After the Japanese invaded Manchuria in 1931, the Government of the Republic of China (ROC) faced the triple threat of Japanese invasion, Communist uprising, and warlord insurrections. Frustrated by the focus of the Nationalist leader Chiang Kai-shek on internal threats instead of the Japanese assault, a group of generals abducted Chiang in 1937 and forced him to reconsider cooperation with the Communist army. As with the first effort at cooperation between the Nationalist government and the CCP, this Second United Front was short-lived. The Nationalists expended needed resources on containing the Communists, rather than focusing entirely on Japan, while the Communists worked to strengthen their influence in rural society.

During World War II, popular support for the Communists increased. U.S. officials in China reported a dictatorial suppression of dissent in Nationalist-controlled areas. These undemocratic polices combined with wartime corruption made the Republic of China Government vulnerable to the Communist threat. The CCP, for its part, experienced success in its early efforts at land reform and was lauded by peasants for its unflagging efforts to fight against the Japanese invaders.


Chiang Kai-shek

Japanese surrender set the stage for the resurgence of civil war in China. Though only nominally democratic, the Nationalist Government of Chiang Kai-shek continued to receive U.S. support both as its former war ally and as the sole option for preventing Communist control of China. U.S. forces flew tens of thousands of Nationalist Chinese troops into Japanese-controlled territory and allowed them to accept the Japanese surrender. The Soviet Union, meanwhile, occupied Manchuria and only pulled out when Chinese Communist forces were in place to claim that territory.

In 1945, the leaders of the Nationalist and Communist parties, Chiang Kai-shek and Mao Zedong, met for a series of talks on the formation of a post-war government. Both agreed on the importance of democracy, a unified military, and equality for all Chinese political parties. The truce was tenuous, however, and, in spite of repeated efforts by U.S. General George Marshall to broker an agreement, by 1946 the two sides were fighting an all-out civil war. Years of mistrust between the two sides thwarted efforts to form a coalition government.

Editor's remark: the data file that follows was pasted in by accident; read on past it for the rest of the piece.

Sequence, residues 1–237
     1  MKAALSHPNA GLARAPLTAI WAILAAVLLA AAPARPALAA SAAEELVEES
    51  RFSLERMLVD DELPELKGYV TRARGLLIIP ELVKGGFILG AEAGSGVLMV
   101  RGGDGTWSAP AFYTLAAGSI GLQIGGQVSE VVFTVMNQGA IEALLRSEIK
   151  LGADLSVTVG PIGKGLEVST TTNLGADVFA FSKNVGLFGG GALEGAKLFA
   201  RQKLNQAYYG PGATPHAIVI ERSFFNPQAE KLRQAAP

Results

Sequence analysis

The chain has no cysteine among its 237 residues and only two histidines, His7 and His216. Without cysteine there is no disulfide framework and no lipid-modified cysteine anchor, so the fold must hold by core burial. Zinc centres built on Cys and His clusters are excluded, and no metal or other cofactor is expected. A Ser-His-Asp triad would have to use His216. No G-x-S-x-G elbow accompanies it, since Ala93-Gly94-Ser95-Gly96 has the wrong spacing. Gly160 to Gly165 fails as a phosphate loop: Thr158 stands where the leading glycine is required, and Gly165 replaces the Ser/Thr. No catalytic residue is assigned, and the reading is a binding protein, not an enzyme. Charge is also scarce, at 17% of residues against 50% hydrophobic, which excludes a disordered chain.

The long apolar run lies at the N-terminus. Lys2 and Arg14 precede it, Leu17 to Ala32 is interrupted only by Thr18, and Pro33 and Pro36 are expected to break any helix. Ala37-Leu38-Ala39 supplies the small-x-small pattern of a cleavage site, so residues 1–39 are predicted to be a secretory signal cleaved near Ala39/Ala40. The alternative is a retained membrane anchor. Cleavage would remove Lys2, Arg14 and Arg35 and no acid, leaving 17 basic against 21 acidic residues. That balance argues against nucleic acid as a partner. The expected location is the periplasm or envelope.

As the civil war gained strength from 1947 to 1949, eventual Communist victory seemed more and more likely. Although the Communists did not hold any major cities after World War II, they had strong grassroots support, superior military organization and morale, and large stocks of weapons seized from Japanese supplies in Manchuria. Years of corruption and mismanagement had eroded popular support for the Nationalist Government. Early in 1947, the ROC Government was already looking to the island province of Taiwan, off the coast of Fujian Province, as a potential point of retreat. Although officials in the Truman Administration were not convinced of the strategic importance to the United States of maintaining relations with Nationalist China, no one in the U.S. Government wanted to be charged with facilitating the “loss” of China to communism. Military and financial aid to the floundering Nationalists continued, though not at the level that Chiang Kai-shek would have liked. In October of 1949, after a string of military victories, Mao Zedong proclaimed the establishment of the PRC; Chiang and his forces fled to Taiwan to regroup and plan for their efforts to retake the mainland.

The ability of the PRC and the United States to find common ground in the wake of the establishment of the new Chinese state was hampered by both domestic politics and global tensions. In August of 1949, the Truman administration published the “China White Paper,” which explained past U.S. policy toward China based upon the principle that only Chinese forces could determine the outcome of their civil war. Unfortunately for Truman, this step failed to protect his administration from charges of having “lost” China. The unfinished nature of the revolution, leaving a broken and exiled but still vocal Nationalist Government and Army on Taiwan, only heightened the sense among U.S. anti-communists that the outcome of the struggle could be reversed. The outbreak of the Korean War, which pitted the PRC and the United States on opposite sides of an international conflict, ended any opportunity for accommodation between the PRC and the United States. Truman’s desire to prevent the Korean conflict from spreading south led to the U.S. policy of protecting the Chiang Kai-shek government on Taiwan.

For more than twenty years after the Chinese revolution of 1949, there were few contacts, limited trade and no diplomatic ties between the two countries. Until the 1970s, the United States continued to recognize the Republic of China, located on Taiwan, as China’s true government and supported that government’s holding the Chinese seat in the United Nations.